Tell me more about this project. How do you involve art?

There are a couple of projects. For example, one was a photo project that was for children who live in foster homes. Some of them wanted to learn about photography, and we organised a camp for them on the other side of Europe. They took photos, and then we had them make an exhibition. Our approach had been that they will see the world in a different way. But it turned out to be wrong – they saw the world in the same way as before, but with much more sensitivity. These children very often feel that they are not needed, because their mother or father just let them go. So, with this we taught them that they are indeed valuable, they are needed, and they can do something that is fascinating.

There’s another foundation I support that’s for autistic children. There’s an artist who helps these children do art. And then there’s an auction at the end of it, and again, it really shows that even though some of these children have difficulties expressing themselves, deep down they have something fascinating that’s difficult to get out. But with the help of art, it can be very, very interesting. And of course, the most important thing is that they enjoy it and they have fun with it.

Why did you decide to end your career as an investment banker nineteen years ago? Was it an easy decision? As we know, some people couldn’t just stop like that.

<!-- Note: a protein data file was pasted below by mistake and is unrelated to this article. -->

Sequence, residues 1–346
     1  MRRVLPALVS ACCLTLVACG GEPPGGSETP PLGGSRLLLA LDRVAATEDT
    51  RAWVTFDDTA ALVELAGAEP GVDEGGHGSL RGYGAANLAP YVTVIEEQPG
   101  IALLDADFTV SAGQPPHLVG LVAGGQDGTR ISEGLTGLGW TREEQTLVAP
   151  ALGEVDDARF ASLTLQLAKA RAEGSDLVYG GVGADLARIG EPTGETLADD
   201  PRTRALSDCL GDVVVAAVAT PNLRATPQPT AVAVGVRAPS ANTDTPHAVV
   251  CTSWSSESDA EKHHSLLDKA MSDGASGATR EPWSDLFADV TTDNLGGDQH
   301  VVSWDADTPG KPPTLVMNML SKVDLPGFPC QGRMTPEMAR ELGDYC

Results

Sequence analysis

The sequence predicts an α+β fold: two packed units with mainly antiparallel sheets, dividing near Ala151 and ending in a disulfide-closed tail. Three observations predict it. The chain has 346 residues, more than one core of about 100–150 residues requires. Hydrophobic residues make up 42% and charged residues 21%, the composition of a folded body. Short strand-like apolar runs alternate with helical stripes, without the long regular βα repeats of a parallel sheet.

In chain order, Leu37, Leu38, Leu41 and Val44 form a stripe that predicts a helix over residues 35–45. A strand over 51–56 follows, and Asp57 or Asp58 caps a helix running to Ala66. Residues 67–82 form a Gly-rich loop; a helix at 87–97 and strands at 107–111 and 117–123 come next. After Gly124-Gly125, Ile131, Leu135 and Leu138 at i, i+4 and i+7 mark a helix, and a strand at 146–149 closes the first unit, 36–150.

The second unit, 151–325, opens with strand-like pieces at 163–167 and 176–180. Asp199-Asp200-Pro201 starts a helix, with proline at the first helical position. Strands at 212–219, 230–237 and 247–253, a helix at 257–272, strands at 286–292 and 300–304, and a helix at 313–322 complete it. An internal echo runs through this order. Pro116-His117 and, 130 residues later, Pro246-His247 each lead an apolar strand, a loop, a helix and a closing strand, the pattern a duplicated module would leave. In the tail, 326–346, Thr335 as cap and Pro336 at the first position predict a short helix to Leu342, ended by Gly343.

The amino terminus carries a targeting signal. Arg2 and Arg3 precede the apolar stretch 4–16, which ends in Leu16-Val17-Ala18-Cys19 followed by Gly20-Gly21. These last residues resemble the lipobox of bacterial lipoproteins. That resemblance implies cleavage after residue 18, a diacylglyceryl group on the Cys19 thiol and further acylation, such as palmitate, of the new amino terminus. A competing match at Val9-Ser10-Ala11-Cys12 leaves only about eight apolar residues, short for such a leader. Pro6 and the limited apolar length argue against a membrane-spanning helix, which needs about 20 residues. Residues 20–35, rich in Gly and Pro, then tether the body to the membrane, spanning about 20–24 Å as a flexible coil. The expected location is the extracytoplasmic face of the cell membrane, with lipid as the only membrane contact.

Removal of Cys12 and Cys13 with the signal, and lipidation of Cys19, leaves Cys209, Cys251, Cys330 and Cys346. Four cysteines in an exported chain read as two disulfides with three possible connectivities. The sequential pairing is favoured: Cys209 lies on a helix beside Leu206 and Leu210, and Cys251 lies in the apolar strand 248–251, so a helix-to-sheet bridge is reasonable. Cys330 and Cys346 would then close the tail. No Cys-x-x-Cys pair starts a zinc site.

It was easy in the sense that at age thirty-one I decided that I would retire when I turned forty. Without knowing how much money I would have or how successful I would be. And then we moved to London, and I told my children that we were only going to be there for three years, because then I would retire. So it was a pre-planned decision. But what was kind of difficult was the letting go of my feeling of importance, my ego. For a year after retirement, I still agreed to be an adviser to a big investment bank in London. And every first Monday of the month I was in London, but actually I realised that there was no challenge in it anymore and also that some of my business partners were calling me back the same day and some were not. But that’s wonderful, because it’s like a filter. I could see who was in for my position and who was in for me. So the ego part took some time to let go, about half a year. That was the most difficult thing, nothing else.